Self-portrait by Artemisia Gentileschi (cropped)

Gentileschi self-portrait tours to GP surgery and girls' school

Bethan Kapur, 09.05.2019
Masterpiece will be displayed at a range of unusual venues
The self-portrait of the 17th-century Italian Baroque artist Artemisia Gentileschi, which was acquired by the National Gallery for £3.6m last year, has embarked on tour to a range of unexpected, non-museum venues. 

Its latest port of call is a GP surgery in the market town of Pocklington, Yorkshire. The portrait will be on display at Pocklington Group Practice until this weekend as part of a partnership with the charity Paintings in Hospitals. Public visits and community viewings have been scheduled at the surgery.

The piece is due to travel to several more unusual destinations across the UK this summer. Details of the venues are yet to be announced, but they will include a girls’ school in East London, which is on the E17 Art Trail as part of the Waltham Forest London Borough of Culture 2019 festival.

The tour began at Glasgow Women’s Library to coincide with International Women’s Day in March. Susan Foister, the director of collections at the National Gallery, said: “We chose places that we thought might connect with [Gentileschi’s] story and how she dealt with adversity.”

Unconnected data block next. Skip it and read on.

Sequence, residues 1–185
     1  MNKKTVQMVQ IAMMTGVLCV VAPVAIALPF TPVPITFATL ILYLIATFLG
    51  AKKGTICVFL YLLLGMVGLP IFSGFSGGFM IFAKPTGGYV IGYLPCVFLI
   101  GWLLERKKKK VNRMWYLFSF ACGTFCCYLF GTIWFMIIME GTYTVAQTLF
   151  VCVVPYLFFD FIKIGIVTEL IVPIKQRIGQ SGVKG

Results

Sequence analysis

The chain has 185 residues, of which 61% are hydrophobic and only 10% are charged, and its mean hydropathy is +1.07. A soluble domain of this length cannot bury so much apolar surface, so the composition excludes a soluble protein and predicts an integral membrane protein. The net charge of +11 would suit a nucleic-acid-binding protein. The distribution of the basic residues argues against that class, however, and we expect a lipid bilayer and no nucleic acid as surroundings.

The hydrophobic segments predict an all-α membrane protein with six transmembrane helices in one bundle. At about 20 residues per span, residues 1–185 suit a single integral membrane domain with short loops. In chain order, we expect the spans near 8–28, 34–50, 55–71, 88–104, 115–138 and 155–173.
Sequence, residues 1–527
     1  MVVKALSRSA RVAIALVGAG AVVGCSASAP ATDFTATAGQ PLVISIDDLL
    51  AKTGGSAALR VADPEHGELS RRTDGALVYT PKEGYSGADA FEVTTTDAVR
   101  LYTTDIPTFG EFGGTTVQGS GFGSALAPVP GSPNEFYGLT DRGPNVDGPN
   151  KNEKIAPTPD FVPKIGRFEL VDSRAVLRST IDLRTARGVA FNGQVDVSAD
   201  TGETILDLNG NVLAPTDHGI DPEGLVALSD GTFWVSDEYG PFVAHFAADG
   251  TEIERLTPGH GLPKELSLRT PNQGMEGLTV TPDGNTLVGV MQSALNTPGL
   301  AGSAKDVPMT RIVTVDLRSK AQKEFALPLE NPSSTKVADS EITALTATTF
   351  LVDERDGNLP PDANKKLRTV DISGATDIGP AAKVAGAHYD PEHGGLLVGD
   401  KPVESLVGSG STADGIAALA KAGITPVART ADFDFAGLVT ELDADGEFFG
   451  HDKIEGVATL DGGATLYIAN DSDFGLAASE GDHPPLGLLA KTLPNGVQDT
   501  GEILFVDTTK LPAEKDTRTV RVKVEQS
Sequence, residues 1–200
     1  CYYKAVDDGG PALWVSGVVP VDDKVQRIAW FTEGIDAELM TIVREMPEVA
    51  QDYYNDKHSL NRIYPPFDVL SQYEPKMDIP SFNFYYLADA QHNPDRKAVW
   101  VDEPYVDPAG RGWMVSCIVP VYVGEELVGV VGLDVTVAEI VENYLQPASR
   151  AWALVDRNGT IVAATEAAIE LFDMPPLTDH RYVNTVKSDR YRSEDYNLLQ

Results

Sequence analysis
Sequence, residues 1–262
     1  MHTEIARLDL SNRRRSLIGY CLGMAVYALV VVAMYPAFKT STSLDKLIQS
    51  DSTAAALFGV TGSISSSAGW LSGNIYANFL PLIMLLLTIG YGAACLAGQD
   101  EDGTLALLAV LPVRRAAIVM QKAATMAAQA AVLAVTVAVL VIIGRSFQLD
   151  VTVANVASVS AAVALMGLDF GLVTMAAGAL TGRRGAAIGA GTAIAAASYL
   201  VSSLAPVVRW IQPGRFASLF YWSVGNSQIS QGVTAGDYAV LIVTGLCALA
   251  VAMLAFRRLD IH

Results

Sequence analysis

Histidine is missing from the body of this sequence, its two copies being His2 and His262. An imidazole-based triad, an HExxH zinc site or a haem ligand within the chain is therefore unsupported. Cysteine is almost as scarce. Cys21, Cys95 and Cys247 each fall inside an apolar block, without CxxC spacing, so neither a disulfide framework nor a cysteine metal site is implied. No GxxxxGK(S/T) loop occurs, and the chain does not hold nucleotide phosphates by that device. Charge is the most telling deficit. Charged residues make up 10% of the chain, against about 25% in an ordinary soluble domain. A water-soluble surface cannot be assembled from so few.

So far the visits have been a success. Foister said: “I know that the library was very pleased because they had people coming in who hadn’t come before, hopefully it has opened up Glasgow Women’s Library who weren’t aware of it. Obviously a GP’s practice is slightly different.”

Although surgery is not looking to widen visitors in the same way, it is hoped that the piece may bring different benefits, such as promoting the link between art and wellbeing. 

Berni Judge, the managing partner of Pocklington Group Practice, said the surgery was extremely excited to be working with the National Gallery and Paintings in Hospitals. “We know our staff and patients are going to be thrilled to have her here. We want to be able to share Artemisia’s stay with as many of our local communities as possible.” 

Judge said it was important for visitors to adhere to the scheduled visiting times so that the surgery can still run as smoothly as possible.

One aim of the tour is to allow people who don’t live near a city that holds a gallery to access art. Amisha Karia, the head of collections, loans and programming at Paintings in Hospitals, said: “We believe art should be for everyone and we are committed to using art to support better health and wellbeing.” 

Karia said the charity would work with Pocklington Group Practice to introduce many more paintings to the surgery over the next three years.